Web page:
A while ago I was also accepted to the glass explorers program. I was pretty excited at the time, and was planning to go ahead and get one. I'll admit to being a bit of a Google fanboy, though recently they've lost some of their shine in my eyes.
At the time, there were a few compelling reasons why I decided to wait, which I summarized here: Why I'll Wait on Glass
One thing to consider, is that along with the $1,500 price tag, unless you live close to one of the fitting centers, you'll also have to book airfare and hotel, which can be as much as the Glass itself, so that really raises the price a lot. At least, this was the case when I was invited to the program, it may have changed.
For those who don't like clicking G+ links, here's my full original post:
Why I'll Wait on Glass
So, I received my invitation to purchase #googleglass and become a #glassexplorers . Google notified me that I had 14 days to make my purchase and schedule a pickup date.
I've put a lot of thought into this, and decided not to move forward with the purchase. I'm outlining my reasons below, and I hope that the amazing folks on the Glass team can take this post with the spirit that it's intended: as constructive, objective feedback from a developer who is a huge Google fan.
When I first heard about Glass, I was gobsmacked. The notion of having a powerful, wearable computing device with an array of sensors, camera and floating UI always available to the user, with speech recognition and integration with wireless services - well frankly, I had trouble containing my excitement.
At the local bar, I waxed on (to annoying lengths, I'm sure) about how this was a revolution in technology. How it would change the world and the way we interact with it.
I shared my excitement with my family, and when I was selected as a #glassexplorers they had to pull me down out of the clouds.
I was busy planning apps that I was going to develop, I had visions of an app where I could say "ok glass, find my car" and a floating 3d compass arrow would appear and guide me.
I had visions of walking into my house and saying "ok, glass turn on the lights, lock the doors, arm security", and seeing an interactive display of all my devices. I would be able to say "ok, glass show front camera" and I would be able to look out of the security camera on my front porch.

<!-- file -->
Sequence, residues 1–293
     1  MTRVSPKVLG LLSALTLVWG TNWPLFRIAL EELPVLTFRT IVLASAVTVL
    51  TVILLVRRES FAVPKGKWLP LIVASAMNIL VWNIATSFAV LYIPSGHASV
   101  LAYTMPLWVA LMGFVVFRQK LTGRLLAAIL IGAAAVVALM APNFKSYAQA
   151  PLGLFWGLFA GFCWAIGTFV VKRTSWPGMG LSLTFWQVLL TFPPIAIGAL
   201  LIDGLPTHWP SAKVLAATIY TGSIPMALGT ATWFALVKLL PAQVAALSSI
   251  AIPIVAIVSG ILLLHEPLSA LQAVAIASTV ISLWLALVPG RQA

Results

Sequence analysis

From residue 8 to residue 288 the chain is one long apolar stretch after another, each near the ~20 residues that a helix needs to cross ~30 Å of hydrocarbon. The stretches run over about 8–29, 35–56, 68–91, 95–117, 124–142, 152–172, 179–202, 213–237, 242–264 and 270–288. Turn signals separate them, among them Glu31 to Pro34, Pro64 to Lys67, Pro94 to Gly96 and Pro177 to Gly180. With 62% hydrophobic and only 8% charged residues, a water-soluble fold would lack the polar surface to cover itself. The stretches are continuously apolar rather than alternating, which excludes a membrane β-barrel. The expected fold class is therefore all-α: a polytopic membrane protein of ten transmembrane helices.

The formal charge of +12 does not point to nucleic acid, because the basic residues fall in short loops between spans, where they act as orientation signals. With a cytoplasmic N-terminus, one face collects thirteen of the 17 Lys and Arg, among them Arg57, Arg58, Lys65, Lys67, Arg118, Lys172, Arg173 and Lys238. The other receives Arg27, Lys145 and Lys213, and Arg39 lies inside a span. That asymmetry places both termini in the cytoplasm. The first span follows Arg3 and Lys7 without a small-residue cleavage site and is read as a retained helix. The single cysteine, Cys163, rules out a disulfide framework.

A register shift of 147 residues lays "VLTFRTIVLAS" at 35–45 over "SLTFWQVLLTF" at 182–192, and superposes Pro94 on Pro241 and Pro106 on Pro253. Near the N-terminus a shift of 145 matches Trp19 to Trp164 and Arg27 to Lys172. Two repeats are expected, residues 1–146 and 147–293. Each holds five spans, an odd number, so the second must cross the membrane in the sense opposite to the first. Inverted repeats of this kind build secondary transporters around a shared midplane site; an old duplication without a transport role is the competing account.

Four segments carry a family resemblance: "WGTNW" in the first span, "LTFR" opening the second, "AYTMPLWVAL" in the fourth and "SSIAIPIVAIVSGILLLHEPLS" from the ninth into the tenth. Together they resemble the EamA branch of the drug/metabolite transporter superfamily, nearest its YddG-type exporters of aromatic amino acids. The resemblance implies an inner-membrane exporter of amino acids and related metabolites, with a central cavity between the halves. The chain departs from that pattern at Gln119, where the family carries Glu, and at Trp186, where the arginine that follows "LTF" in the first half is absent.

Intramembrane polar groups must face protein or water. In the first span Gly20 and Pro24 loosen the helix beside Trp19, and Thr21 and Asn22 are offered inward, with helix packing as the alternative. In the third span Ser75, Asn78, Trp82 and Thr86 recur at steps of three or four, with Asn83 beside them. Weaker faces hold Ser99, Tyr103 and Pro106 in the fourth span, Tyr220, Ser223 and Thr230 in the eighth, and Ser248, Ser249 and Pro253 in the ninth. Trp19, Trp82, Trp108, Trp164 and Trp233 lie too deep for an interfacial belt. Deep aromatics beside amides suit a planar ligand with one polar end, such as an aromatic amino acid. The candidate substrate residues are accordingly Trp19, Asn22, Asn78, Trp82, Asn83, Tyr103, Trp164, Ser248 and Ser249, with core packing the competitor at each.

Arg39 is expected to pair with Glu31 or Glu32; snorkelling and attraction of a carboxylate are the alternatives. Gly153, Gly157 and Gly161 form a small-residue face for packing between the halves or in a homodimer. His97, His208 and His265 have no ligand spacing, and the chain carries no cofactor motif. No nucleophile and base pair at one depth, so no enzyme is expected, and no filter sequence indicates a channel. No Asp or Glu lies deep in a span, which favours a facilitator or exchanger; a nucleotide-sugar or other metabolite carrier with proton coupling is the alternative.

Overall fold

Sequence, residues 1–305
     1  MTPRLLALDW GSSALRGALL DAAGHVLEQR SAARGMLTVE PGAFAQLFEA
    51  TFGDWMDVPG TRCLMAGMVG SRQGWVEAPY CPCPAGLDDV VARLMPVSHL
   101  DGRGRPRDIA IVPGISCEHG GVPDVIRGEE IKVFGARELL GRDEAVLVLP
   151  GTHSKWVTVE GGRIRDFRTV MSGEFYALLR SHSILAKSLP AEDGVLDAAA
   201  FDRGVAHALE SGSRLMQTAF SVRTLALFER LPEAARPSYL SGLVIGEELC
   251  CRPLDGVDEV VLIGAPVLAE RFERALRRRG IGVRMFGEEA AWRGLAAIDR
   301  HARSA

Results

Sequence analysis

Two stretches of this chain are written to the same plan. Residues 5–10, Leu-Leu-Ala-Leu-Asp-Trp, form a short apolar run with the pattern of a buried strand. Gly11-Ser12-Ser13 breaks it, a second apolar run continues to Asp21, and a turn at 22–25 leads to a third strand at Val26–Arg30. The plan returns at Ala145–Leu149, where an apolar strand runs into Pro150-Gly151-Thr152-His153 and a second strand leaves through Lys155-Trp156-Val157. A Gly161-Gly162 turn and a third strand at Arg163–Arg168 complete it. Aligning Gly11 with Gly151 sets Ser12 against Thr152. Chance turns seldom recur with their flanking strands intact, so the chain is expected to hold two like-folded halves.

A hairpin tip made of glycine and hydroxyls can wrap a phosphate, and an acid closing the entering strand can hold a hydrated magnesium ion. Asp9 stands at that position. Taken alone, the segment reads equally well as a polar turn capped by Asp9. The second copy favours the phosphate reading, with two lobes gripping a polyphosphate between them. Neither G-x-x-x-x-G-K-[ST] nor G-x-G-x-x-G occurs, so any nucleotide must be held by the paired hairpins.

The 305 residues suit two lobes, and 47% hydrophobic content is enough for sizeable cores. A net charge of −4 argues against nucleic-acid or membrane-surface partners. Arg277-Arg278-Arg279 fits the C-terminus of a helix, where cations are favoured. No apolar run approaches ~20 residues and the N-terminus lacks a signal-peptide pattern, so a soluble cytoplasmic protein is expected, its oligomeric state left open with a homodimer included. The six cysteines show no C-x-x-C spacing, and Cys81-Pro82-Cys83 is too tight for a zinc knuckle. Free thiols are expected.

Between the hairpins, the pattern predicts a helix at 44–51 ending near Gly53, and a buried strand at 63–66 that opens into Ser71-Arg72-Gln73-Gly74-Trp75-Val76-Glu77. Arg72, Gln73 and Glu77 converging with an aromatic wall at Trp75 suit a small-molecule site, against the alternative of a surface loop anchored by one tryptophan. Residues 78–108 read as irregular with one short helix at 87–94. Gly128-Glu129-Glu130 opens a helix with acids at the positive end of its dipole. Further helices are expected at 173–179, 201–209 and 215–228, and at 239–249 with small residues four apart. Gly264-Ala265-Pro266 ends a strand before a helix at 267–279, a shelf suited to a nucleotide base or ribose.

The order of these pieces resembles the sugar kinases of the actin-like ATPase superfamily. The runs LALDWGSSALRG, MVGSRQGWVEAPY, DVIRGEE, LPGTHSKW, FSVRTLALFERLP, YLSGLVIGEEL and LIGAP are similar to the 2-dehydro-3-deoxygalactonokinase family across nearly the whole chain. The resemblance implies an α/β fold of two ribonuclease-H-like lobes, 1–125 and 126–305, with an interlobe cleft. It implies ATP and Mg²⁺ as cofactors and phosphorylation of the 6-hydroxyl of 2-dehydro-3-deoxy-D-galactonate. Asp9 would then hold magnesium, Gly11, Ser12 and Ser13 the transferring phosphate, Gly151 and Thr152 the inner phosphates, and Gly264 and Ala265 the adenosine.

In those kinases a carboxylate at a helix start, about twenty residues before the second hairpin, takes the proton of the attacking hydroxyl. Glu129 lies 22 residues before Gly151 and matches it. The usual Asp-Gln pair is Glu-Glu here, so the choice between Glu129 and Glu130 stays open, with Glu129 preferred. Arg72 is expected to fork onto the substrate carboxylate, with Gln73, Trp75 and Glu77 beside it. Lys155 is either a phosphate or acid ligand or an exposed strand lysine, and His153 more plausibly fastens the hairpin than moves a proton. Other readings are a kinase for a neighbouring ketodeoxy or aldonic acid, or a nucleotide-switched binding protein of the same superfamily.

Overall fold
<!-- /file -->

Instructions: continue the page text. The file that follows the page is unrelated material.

I had ideas for interactive augmented reality games, where the user could scan the sky for alien UFO's and see 3d spaceships through the Glass display window.
I eagerly refreshed myself on OpenCV, preparing for all the computer vision awesomeness I would be able to develop (I'd already done some of this work on android tablets, using the native sdk).
With all of these visions in my head, I set out to begin development. Finally the new api was released. I sat down at my main development box, pulling up the docs, expecting to see all of the richness of the Android API plus Glass specific enhancements.
What I got was: Cards. A completely non-interactive API where I had to broker every request through a complex chain of servers where eventually, at some point, some static text or images may or may not popup on the user's screen.
I was actually in disbelief. I was sure I was missing some documentation somewhere. I poured through the docs, trying to understand what I was looking at. I felt that I must be missing something really obvious. From what I could tell, the amazing awesomness that was Glass, was limited by the API to being essentially nothing more than a SMS messaging system, similar to text messages on my cell.
None of my applications were possible. I couldn't talk to the accelerometer or other sensors. All I could do was go through a strange "add my app as a contact" process so that I could post text messages with some limited media to the user's timeline. That's it. Interactivity was limited to glorified hyperlinks that would post a message to Google's servers, then post a message to my servers, where I could eventually reply with a minimalistic message back to the user after who-knows-how-much latency.
Basically, this revolutionary piece of hardware and engineering was being hobbled by an API that was less effective than a twitter feed. It's like having a Lamborghini, but the only way you can drive it is by calling up an operator and saying "Ok, turn left. Where am I? Ok, go straight. Where am I now? Ok, turn right".
I decided to wait a while, certain that the really smart folks at Google were going to announce an additional API, that this was just the early state of things. Soon, there would be a native API that would allow me to do all of the wonderful things I had planned.
So, I've been waiting. Last week I got a message that my Glass was ready for me to pick up. I thought about it, thought about it some more and decided: I'll keep waiting.